Pricewatch: Holiday plans? Be careful what you book for

What about refunds? Two readers who lost out on holidays in Majorca and Kerry

Stories highlight the need to take great care when booking in pandemic times. Photograph: iStock

Stories highlight the need to take great care when booking in pandemic times. Photograph: iStock


We are still getting complaints and queries about travel plans left in disarray by Covid-19 – although some readers have come to the end of the road when it comes to redress.

First we have a story from a reader called Caroline who was due to travel to Majorca this July. She paid for the holiday in full last July on her Visa card. All told it cost €3,634.84 . “Ryanair changed our flight and gave us the option of a refund which I have received in full,” she says. “I made contact with the hotel and explained we cannot travel due to Covid [restrictions] and requested a refund,” she continues.

“They said they intend to be open and if it does not suit us to travel in July they can offer us a voucher. When I booked I got a prepaid rate which they say they cannot refund. I want a refund as next year my daughter will be doing the Leaving Cert and will not be coming on holiday with us.”

We don’t have anything by way of good news for this reader. The hotel is under no obligation to give her a refund – or even a voucher to be used at some future point. She has done well to get money from the airline and, we reckon, she should take the voucher and hope to use it at some future point with or without her daughter.

Next up we heard from Fiona who was writing from “sunny Galway”. She has found herself in a similar position although with an operator much closer to home. She wants to know about the “legality around refunds and re-booking of self-catering rentals in Ireland in periods of Level 4 and 5 restrictions when no inter-county travel is permitted”.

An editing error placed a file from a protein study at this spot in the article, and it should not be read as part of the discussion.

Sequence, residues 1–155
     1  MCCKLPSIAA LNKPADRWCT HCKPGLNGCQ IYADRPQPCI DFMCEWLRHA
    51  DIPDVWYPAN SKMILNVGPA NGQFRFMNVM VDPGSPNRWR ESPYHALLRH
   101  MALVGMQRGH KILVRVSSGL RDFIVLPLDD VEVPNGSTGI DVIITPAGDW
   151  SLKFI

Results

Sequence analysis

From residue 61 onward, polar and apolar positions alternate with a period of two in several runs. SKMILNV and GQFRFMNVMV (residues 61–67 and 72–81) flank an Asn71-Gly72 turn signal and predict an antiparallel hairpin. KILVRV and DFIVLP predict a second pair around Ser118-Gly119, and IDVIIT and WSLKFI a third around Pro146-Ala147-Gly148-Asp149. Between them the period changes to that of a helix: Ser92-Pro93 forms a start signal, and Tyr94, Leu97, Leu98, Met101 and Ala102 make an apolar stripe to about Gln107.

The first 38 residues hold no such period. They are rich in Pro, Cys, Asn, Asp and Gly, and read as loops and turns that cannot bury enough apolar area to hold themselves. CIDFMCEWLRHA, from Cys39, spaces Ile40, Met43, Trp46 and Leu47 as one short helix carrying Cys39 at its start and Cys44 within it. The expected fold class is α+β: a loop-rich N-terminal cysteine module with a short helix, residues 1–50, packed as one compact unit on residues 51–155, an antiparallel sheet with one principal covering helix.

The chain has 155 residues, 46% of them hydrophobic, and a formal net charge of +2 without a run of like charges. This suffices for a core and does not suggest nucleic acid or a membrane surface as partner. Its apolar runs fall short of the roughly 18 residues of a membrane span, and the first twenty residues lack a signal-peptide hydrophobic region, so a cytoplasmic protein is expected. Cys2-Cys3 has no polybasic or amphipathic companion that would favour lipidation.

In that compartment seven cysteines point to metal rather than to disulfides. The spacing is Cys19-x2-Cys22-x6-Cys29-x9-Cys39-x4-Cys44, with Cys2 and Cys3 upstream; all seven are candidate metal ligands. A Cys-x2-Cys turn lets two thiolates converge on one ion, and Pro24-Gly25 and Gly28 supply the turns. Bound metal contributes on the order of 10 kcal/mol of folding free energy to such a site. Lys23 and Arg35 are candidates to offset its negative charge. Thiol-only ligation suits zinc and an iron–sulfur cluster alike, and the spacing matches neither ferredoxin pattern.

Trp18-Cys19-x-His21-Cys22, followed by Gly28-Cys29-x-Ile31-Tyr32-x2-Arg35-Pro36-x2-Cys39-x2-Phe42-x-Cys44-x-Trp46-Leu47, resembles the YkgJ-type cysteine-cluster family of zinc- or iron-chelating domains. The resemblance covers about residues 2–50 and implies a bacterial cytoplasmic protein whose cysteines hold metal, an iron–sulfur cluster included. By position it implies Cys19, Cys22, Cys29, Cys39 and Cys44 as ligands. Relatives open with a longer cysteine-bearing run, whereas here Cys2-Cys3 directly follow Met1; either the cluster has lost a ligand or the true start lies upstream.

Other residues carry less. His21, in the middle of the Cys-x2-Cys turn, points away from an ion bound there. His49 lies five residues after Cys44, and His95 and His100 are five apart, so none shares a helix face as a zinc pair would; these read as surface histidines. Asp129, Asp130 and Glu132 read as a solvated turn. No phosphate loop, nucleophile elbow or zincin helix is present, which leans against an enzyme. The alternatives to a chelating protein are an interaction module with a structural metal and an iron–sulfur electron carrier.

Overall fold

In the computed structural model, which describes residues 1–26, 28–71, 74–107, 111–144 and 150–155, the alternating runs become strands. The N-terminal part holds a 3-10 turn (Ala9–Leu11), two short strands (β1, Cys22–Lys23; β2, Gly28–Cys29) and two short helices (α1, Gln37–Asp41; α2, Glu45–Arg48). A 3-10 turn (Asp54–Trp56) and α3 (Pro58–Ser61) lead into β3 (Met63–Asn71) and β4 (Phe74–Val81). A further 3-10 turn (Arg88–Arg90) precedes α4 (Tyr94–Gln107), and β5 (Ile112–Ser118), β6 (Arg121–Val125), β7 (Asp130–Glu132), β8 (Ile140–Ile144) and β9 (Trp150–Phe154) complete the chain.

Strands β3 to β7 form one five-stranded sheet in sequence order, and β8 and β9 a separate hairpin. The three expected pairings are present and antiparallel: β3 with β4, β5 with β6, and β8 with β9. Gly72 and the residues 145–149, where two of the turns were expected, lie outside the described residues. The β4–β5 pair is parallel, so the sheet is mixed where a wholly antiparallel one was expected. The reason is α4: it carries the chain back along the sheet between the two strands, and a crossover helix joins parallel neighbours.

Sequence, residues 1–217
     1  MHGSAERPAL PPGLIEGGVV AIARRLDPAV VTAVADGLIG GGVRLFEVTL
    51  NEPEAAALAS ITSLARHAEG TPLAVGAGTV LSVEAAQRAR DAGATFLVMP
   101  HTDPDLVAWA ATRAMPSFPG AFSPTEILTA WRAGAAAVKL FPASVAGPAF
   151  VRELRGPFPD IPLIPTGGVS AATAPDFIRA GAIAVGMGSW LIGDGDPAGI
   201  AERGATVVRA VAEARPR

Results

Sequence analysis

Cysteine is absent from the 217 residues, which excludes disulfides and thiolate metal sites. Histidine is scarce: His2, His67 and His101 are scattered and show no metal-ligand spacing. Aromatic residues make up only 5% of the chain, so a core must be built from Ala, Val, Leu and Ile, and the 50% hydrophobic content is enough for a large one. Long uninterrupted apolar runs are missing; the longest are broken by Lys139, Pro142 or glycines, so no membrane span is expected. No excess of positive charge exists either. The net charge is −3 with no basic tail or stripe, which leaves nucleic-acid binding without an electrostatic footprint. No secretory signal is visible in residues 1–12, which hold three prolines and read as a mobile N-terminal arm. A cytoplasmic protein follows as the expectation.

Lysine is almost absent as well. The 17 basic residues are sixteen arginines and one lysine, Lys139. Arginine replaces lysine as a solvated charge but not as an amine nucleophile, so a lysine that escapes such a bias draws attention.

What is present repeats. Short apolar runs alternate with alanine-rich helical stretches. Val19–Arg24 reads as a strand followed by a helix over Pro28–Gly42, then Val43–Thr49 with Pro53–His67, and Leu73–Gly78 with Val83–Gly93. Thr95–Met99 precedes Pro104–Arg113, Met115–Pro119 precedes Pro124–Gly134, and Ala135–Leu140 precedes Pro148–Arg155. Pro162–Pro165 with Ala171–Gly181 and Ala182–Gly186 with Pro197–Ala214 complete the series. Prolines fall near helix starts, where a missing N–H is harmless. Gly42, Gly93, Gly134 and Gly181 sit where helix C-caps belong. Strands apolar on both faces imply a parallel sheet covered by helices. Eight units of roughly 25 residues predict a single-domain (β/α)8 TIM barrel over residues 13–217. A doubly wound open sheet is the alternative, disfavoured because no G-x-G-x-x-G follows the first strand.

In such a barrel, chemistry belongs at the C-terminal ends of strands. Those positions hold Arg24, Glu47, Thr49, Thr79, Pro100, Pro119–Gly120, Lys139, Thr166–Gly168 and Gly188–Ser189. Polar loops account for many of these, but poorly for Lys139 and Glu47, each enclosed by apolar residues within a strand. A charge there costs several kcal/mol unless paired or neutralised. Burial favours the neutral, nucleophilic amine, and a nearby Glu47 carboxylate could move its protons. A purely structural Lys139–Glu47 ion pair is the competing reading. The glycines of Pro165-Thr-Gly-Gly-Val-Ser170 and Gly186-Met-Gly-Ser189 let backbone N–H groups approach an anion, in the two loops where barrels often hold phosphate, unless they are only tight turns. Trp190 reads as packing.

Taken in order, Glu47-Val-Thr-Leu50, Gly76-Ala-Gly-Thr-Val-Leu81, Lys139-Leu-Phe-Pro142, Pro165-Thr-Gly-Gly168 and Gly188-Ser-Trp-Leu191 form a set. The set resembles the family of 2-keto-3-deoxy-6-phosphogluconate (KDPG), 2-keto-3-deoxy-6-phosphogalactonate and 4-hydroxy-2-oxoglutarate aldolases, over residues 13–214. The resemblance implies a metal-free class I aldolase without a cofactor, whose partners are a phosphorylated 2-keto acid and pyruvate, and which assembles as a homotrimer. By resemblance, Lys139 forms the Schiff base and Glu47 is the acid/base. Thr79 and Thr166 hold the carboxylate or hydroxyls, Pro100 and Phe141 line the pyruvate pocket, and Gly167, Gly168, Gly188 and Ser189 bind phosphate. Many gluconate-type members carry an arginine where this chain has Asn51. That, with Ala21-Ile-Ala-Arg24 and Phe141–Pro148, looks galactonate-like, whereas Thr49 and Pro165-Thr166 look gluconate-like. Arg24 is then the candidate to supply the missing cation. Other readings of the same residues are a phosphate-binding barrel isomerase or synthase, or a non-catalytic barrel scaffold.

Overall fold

She booked a self-catering property in Kerry for 11 days in early June. “As per the booking agency’s policies, a 25 per cent non-refundable deposit was required to secure the booking,” she says. “While not ideal we entered into this part of the agreement with our eyes wide open. The full balance of the stay was deducted eight weeks prior to the planned holiday. On reading their updated Covid terms and conditions, the company clearly states that it does not give refunds but will allow us to re-book an equivalent value time of year within a designated period before the end of December 2021.”

She says that “for a number of reasons this is not a workable solution for our family; the same property is not available again until the middle of September when our boys will have returned to school, one of who will be in Leaving Cert [year] and we will not be in a position to take him out of school”. She says that while her family love the part of Kerry they had planned to visit at any time of year “a summer holiday on the beach is very different to the shorter days in October and November. My big question is if legally a rental agency is required to offer a refund if we cannot legally travel at the time of our booking”.

She adds that she has been visiting this part of Kerry “for years and years and the house we normally rent was sold during the first lockdown last year. We used this company last year and found them efficient and the house was very clean and we had no issues but then we booked once we had sight of the eased restrictions for the summer. Before we start to throw our dollies out of the cot, I thought I might fire the query in your direction to see what if any protection the consumer has in this regard”.

There is good and bad news for Fiona. As with the first story, the accommodation provider is not legally obliged to give her a refund. But the slightly better news is that – at least at the time of writing – the most severe travel restrictions have been lifted and she should be in a position to travel to Kerry next month if she so wishes.

The two stories highlight the need to take great care when booking in pandemic times and to always look for the greatest degree of flexibility when it comes to payments. If you agree to a set of terms and conditions and the provider subsequently makes you stick to them, then, unfortunately there is not a whole lot that can be done about it.